Jack Northrop (1895 - 1981)
Jack (John Knudsen) Northrop
by Peter Bergenson
JACK NORTHROP Born Newark NJ, Nov 10, 1895. Died 1981. John Knudsen Northrop's family moved to Santa Barbara CA in 1914, where he developed an deep interest in aeronautics in high school. In 1916 he had went to work for the Loughead Brothers as an engineering draftsman, contributing to the design of their twin-engine F-1 flying boat.
Moving in 1916 to Douglas Co in Santa Monica, he went from draftsman to designer to project engineer om several early Douglas aircraft. The next major move came in 1927, when he went with Lockheed, there designing the original Vega. However, needing to develop his own ideas about all-metal airplanes, he struck off on his own in 1929 to form Northrop Aircraft Co, there producing the Alpha, an airplane that was regarded as well ahead of its time.
Following the success of Alpha, he developed the all-metal design into Beta, Delta, and Gamma. Northrop Corporation was formed in 1932, and became a subsidiary of Douglas, to produce his designs of the USAC A-17 attack planes for and USN BT-1 dive bombers, as well as export models for foreign countries. In 1938 he sold his interests in the corporation to Douglas and formed Northrop Aircraft Inc, becoming its president and chief engineer until his retirement in 1952.
There, in addition to many successful military aircraft, he developed his pet flying-wing project, the visionary concept of which, stalled by bureaucracy at the time, finally proved its value in our present stealth aircraft designs. Jack Northrop was a widely-known and well-respected name in aviation by that time, and he was awarded the Presidential Certificate of Merit for his "extraordinary contributions to the nation's defense in World War II."
He presided over the Institute of Aeronautical Sciences in 1946, and became an honorary fellow in its successor organization, the American Institute of Aeronautics and Astronautics, and a fellow of the Royal Aeronautics Society. In 1947 he received the St Louis Medal from the American Society of Mechanical Engineers for "meretorious service in the advancement of aeronautics." Investiture in the International Aerospace Hall of Fame came in 1972 and in the Aviation Hall of Fame in 1974.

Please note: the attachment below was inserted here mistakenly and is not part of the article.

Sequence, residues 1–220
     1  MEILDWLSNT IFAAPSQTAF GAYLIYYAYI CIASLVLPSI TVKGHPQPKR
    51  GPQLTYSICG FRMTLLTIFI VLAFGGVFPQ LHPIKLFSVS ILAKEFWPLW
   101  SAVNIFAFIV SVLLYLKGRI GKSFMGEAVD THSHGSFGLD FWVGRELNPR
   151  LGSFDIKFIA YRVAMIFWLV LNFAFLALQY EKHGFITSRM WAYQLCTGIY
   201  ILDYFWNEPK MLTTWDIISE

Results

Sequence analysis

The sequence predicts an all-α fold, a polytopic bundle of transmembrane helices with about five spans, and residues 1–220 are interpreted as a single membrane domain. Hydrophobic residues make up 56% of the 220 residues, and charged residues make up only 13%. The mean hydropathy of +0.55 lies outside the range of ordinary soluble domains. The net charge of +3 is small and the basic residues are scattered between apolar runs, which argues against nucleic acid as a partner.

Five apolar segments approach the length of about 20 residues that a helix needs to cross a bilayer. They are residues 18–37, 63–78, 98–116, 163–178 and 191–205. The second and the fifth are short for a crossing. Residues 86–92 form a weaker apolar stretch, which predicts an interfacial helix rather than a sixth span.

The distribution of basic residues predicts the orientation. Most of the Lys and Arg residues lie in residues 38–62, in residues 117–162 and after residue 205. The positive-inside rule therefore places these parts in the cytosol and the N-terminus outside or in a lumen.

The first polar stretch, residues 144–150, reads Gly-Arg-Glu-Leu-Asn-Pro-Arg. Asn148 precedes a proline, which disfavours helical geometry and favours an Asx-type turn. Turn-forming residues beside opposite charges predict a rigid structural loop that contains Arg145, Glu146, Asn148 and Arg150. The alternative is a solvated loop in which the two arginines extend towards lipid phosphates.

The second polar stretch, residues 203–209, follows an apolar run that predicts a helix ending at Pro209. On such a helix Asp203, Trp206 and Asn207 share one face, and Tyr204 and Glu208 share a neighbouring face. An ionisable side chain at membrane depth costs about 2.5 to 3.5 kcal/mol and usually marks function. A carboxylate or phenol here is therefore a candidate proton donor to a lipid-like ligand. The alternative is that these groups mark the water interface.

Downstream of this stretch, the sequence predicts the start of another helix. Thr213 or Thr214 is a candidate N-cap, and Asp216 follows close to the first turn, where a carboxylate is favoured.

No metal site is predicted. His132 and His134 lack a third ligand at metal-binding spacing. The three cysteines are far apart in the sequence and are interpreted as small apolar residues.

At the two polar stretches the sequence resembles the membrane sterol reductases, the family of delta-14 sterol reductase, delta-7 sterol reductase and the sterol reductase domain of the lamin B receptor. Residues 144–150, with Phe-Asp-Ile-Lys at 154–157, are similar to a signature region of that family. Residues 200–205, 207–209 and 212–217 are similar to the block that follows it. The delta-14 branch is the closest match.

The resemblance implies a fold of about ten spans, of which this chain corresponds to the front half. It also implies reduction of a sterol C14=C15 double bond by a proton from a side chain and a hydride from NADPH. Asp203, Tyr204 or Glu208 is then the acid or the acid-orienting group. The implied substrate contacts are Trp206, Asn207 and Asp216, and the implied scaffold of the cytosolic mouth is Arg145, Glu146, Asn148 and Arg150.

Northrop: The Development of All-Wing Aircraft
The Aircraft (in reverse order of development)
YB-49 - Fifty Years Ago This Month
XP-56 "Black Bullet"
Jack Northrop was the American genius behind the Flying Wing design. His theory was to make an entire aircraft the lifting body by eliminating the drag producing fuselage and tail group. Four Northrop N9Ms were manufactured during 1942-1945. They were the N9M-1, N9M-2, N9MA, and N9MB.
They were constructed and flown to prove the Flying Wing concept as a sound design for the XB-35 and YB-49 Flying Wings. The first N9M flew in December 1942. Each model differed slightly in detail. The first three N9M models were powered by two 275 horsepower Menasco air-cooled, six cylinder, inline engines.
These engines were procured from former unlimited air race planes at the Cleveland Air Races. The last model in the series, the N9MB, was powered by two specially built Franklin, eight cylinder, air-cooled, horizontally opposed engines of 300 horsepower. The N9MB was the only one to survive of the four models built.
The Flying Wing piques everyoneís curiosity and was a wonderment to see flying in the air. After their testing career was over, the Wings were used to train Air Force pilots in Flying Wing transition. Because of the lessons learned in the smaller sixty-foot wingspan N9Ms, the giant XB-35 and YB-49 became awesome realities during the late 1940s. The Northrop Flying Wings were clearly ahead of their time!
Jack Northrops Jewel: N9M
The X Family
THE X FAMILY -- Seven members of the famous X family of research aircraft once flown at the NACA High-Speed Flight Station (later renamed NASA Dryden Flight Research Center, Edwards, CA), are shown grouped on the Dryden ramp. They are, from top right, X-5, America's first variable sweep wing aircraft; D-558-I, first aircraft to fly twice the speed of sound; the semi-tailless X-4; the X-1A, a follow-on version of the original X-1; the jet powered D-558-I; and the XF-92A, first delta-wing aircraft.
In the center is the X-3 jet-powered research aircraft. These aircraft in a joint research effort by the National Aeronautics and Space Administration (formerly the National Advisory Committe for Aeronautics) and the military services, explored transonic to low-supersonic characteristics of full-scale aircraft in flight. These aircraft belong to the so-called "Round One" era of research planes (NASA Photo)
The X-Planes Data Site
Aeronautics - Image Gallery - NASA X-series Research Aircraft
The X-5 in Flight over the Mojave Desert
finally and though not Northrop, a temporary holding place for McDonnell Douglas, Lockheed Martin and Vought
McDonnell Douglas X-36 Tailless Fighter Agility Research Aircraft